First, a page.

Before sending his daughter to college, Stephen Clew ’86 reached into his closet and into his distant past for a keepsake that would bond two generations of Denisonians.
Payton Clew ’24 was handed a gray Denison University sweatshirt that her father had worn during his time on The Hill. The garment was more than 30 years old, and fraying around the neckline and cuffs, but Payton slipped it over her head with the enthusiasm of a first-round pick donning a new jersey on draft night.
“I wear it at least once a week,” she said. “Being from North Carolina, I’m several states away from my parents, so wearing this sweatshirt makes me feel close to them wherever I am, and it reminds me I’m getting a good education just like my dad did here at Denison.”
The Clews were among the legacy families spending time together on campus during the 2022 Big Red Weekend, a three-day celebration of the school’s deep-rooted relationships and connective threads. The university held a Buzzy Bash for Denison Legacies at the Mitchell Center, in which multiple generations gathered to peruse old yearbooks and have their pictures taken with their class banners.
Not every second-generation student has a sweatshirt from their parent’s closet, but there’s a fabric in the shared experience that binds them and never goes out of style.
“This is my favorite weekend of the year,” said Kirstin Heinritz ’92, who flew from Colorado to join her daughter Annie Heinritz ’24 in Granville. “I used to love when my mother would come here and spend time with me, and now I get to do the same with my daughter.”
Big Red Weekend, a tradition dating to 2008, honors parents, alumni, and friends of the university. This year, organizers spotlighted the opening of the Hoaglin Wellness Center, the history of women’s sports at Denison, and the retirement of a trailblazing professor.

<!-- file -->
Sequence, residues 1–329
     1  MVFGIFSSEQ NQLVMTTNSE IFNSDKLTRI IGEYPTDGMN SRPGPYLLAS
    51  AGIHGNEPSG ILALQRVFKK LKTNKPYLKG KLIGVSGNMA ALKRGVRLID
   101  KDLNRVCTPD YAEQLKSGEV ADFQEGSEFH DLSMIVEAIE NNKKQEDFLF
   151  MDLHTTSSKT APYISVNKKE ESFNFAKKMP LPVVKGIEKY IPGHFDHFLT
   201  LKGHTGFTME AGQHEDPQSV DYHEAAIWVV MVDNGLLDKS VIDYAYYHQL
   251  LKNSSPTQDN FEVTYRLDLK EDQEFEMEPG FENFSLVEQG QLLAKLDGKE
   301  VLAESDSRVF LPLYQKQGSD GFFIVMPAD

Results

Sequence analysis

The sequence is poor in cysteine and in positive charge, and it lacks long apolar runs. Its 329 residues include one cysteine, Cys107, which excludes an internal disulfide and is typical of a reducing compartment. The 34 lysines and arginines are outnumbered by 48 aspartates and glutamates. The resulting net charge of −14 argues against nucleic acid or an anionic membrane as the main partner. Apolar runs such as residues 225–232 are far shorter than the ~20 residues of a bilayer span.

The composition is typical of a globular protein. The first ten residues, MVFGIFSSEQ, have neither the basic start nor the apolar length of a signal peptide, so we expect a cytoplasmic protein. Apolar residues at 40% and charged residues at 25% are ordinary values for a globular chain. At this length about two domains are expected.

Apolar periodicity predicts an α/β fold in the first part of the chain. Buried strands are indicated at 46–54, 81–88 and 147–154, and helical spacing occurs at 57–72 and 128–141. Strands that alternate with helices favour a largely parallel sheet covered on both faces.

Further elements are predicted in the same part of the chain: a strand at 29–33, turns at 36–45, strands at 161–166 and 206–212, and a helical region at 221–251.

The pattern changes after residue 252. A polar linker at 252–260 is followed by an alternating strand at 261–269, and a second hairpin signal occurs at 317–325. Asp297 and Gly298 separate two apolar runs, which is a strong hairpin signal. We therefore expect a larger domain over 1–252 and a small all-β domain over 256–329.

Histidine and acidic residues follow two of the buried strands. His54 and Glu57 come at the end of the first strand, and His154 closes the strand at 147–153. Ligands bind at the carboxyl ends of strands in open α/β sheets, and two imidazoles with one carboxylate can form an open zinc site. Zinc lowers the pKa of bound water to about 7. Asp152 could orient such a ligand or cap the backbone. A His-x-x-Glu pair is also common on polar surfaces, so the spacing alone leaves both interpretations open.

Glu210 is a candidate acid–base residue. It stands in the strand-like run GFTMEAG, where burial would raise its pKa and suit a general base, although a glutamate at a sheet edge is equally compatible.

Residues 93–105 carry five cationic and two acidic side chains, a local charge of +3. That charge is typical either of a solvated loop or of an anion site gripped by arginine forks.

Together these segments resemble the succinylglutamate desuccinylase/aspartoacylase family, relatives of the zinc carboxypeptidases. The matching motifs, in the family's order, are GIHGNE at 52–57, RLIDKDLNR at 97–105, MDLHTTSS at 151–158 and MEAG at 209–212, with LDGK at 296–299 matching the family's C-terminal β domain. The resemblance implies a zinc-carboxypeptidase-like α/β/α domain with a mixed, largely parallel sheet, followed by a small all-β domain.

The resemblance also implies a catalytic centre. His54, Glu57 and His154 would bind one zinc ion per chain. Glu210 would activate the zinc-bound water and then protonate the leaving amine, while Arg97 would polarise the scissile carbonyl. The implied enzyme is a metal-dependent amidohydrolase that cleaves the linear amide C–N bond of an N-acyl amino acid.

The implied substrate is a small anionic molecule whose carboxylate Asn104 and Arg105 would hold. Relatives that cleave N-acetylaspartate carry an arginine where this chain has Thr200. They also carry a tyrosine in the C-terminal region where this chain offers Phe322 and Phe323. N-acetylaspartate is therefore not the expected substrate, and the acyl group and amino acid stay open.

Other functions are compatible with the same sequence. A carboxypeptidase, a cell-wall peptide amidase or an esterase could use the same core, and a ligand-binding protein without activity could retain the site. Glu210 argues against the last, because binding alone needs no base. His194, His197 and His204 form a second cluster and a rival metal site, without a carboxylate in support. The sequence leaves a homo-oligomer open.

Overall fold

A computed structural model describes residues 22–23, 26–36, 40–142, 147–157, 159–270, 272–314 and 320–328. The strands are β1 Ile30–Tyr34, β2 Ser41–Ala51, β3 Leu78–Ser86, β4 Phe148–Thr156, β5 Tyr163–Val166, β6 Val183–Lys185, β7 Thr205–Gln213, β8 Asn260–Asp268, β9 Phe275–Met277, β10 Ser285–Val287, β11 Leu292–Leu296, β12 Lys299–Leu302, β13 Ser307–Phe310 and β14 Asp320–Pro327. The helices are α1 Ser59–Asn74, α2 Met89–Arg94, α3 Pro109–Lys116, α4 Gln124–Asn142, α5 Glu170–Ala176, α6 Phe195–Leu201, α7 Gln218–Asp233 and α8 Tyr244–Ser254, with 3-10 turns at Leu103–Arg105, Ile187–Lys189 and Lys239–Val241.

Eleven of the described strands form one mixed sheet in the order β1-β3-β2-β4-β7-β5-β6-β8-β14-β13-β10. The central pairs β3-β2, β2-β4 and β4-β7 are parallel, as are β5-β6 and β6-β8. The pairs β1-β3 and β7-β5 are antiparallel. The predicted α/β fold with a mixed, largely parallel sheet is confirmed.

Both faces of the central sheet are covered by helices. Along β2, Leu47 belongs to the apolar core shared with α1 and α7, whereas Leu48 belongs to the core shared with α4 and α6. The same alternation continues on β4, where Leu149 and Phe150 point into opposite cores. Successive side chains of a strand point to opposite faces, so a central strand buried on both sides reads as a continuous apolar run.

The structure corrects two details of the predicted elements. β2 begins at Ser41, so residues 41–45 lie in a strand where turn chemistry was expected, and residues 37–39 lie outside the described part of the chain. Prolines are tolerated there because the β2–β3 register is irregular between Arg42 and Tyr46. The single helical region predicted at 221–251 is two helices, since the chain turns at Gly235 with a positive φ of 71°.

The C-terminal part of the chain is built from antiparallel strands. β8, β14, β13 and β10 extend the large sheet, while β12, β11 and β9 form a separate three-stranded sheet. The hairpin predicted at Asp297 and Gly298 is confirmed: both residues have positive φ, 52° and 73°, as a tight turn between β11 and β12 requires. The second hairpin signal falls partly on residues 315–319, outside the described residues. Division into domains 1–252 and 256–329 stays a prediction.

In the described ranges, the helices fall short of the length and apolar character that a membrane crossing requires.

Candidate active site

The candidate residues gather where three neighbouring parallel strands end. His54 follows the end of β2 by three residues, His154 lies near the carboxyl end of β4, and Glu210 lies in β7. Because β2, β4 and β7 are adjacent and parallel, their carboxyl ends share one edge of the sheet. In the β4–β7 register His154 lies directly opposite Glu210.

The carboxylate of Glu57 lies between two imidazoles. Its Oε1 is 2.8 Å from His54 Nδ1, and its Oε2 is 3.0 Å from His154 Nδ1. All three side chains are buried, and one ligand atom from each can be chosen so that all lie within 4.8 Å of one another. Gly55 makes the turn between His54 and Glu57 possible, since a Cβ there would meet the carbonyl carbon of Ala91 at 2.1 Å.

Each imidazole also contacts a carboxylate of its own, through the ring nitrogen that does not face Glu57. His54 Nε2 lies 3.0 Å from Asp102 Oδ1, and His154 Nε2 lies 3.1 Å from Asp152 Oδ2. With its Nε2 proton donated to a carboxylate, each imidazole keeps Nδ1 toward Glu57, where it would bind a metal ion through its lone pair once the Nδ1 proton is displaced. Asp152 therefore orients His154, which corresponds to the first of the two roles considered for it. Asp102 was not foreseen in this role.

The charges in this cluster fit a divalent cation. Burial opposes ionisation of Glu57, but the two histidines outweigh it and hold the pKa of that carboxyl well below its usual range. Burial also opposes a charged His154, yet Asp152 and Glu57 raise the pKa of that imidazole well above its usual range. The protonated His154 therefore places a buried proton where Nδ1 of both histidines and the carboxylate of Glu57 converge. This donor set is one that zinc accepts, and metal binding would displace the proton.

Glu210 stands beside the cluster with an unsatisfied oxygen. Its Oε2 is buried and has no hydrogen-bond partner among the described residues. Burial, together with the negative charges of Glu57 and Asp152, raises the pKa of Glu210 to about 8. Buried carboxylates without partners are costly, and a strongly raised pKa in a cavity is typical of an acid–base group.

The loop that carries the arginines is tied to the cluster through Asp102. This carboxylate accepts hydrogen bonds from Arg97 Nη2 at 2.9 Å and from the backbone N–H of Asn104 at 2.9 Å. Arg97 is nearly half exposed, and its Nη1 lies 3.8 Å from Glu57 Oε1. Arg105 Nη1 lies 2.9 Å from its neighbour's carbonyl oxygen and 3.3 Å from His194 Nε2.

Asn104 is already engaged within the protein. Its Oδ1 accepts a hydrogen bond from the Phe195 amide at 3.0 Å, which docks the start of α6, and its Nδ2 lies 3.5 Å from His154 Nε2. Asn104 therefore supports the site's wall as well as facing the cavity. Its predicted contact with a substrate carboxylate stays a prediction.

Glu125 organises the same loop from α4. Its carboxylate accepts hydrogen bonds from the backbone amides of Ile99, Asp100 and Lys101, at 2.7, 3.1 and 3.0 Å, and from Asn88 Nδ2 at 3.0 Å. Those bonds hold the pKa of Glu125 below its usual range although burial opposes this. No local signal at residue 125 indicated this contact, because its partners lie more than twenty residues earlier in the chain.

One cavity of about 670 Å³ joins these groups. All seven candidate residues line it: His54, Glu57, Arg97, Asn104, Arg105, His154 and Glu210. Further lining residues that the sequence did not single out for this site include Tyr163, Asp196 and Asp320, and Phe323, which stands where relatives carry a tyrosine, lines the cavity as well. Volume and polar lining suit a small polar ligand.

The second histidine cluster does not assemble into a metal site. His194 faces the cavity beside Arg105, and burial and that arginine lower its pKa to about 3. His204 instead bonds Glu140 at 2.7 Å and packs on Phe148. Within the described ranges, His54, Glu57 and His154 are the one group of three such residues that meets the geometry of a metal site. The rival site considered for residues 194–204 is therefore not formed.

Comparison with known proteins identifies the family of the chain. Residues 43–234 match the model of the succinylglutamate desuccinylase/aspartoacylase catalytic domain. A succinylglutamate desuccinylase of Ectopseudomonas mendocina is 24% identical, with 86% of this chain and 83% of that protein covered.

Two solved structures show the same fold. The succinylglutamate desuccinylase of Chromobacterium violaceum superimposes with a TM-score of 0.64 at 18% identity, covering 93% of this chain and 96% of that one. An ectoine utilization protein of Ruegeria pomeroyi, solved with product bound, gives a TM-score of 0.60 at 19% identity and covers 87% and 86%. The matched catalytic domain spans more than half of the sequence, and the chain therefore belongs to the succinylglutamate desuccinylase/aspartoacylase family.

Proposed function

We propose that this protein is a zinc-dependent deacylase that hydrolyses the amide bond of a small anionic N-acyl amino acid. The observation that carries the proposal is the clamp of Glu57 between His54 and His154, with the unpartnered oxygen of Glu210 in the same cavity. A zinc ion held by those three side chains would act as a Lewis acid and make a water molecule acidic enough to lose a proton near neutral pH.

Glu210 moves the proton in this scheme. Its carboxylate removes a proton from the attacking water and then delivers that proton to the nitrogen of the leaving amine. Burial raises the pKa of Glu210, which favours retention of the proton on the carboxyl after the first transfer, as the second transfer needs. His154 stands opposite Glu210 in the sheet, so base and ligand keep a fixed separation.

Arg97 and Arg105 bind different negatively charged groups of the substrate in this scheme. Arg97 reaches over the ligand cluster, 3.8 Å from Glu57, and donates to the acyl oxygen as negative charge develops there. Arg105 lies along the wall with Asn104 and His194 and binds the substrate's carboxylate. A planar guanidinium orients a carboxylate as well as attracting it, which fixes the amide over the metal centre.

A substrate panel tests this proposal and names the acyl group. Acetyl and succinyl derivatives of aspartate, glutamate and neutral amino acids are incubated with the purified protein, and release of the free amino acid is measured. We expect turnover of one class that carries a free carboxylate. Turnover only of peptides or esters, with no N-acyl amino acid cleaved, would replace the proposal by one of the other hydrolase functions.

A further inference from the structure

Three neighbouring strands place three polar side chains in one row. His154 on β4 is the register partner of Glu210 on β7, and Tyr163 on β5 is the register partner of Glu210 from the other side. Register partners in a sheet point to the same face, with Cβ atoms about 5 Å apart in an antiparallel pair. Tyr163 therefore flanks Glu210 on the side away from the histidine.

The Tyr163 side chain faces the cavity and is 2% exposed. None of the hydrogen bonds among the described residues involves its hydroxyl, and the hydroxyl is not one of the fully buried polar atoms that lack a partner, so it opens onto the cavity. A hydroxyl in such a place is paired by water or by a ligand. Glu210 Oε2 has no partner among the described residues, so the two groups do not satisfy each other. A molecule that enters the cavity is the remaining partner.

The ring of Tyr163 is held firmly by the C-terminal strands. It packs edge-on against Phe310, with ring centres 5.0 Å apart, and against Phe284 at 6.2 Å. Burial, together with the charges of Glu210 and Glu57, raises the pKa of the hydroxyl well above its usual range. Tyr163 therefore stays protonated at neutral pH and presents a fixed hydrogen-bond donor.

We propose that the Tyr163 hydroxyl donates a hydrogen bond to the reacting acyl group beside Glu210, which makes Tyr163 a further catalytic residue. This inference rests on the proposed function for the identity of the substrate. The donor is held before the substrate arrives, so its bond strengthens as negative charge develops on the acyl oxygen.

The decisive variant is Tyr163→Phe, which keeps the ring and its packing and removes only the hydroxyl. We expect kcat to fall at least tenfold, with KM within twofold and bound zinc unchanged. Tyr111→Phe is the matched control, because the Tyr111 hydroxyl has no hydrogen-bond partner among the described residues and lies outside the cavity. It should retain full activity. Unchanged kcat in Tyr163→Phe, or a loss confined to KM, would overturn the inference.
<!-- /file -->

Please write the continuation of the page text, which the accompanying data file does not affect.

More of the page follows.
The weekend also saw more legacy families participate in their featured gathering.
“One of the goals of the college is engagement, and who’s more engaged than an alumni parent?” said Susan Stoner Leithauser ’90, senior development officer for Parent and Family Philanthropy.
An estimated 1,200 parents, alumni, and friends of the university roamed the campus, attended special functions and sporting events, and walked down to the village to catch up with old classmates and make new acquaintances.
Ella Jordan ’26 couldn’t get over how much her mother, Susan Tetzlaff Jordan ’87, enjoyed having lunch with six friends at Broadway Pub. Susan said another highlight was attending a Q&A with Denison President Adam Weinberg on Saturday.
“Adam is helping bring about so many positive changes to the university while still managing to keep the right continuity,” Susan Jordan said.
On Friday, the athletic department unveiled a mural at the Mitchell Center paying tribute to the 50th anniversary of Title IX, the landmark civil rights law prohibiting sex-based discrimination in schools or educational programs that receive federal funding. Kate Hinshaw ’24, a member of the field hockey team, created the stunning collage that features 200 photos of Denison female athletes past and present. She also contributed to an interactive website that explains who’s in the mural.
“I just thought blowing up an image like this would be one of the most moving and powerful ways to make a statement on this campus,” Hinshaw said.
On Saturday, the university honored the legacy of Black Studies Professor John L. Jackson, who retired in the spring after 48 years of service. Through his tireless work, Jackson helped Denison adopt a diversity requirement as part of its general education standards in 1979 — a first in American higher education.
“Today has given me an organized time and space to reflect on the changes that have occurred over the last 48 years,” Jackson said. “It’s quite a meaningful day.”
Few alumni enjoyed the weekend more than Ross Servick ’91, who helped expand the Buzzy Bash. His daughter, Delaney Servick ’26, chatted with Annie Heinritz, and the two marveled at the fact both had applied to the same two schools, Santa Clara University and Loyola Marymount University, before choosing Denison.
“I just loved the energy on campus,” Delaney said. “I visited here with my mom, and when we went home, I told my dad, ‘I’m going to Denison.’”
Ross Servick supplied one of the weekend’s best stories involving his Sigma Chi fraternity brother Jeffrey Walker ’91. After graduation, the two men discovered that Servick’s mom and Walker’s dad were both single and living in Delray Beach, Florida.
Not long after introducing their parents, the old fraternity brothers became stepbrothers, adding another connective thread that runs through the university.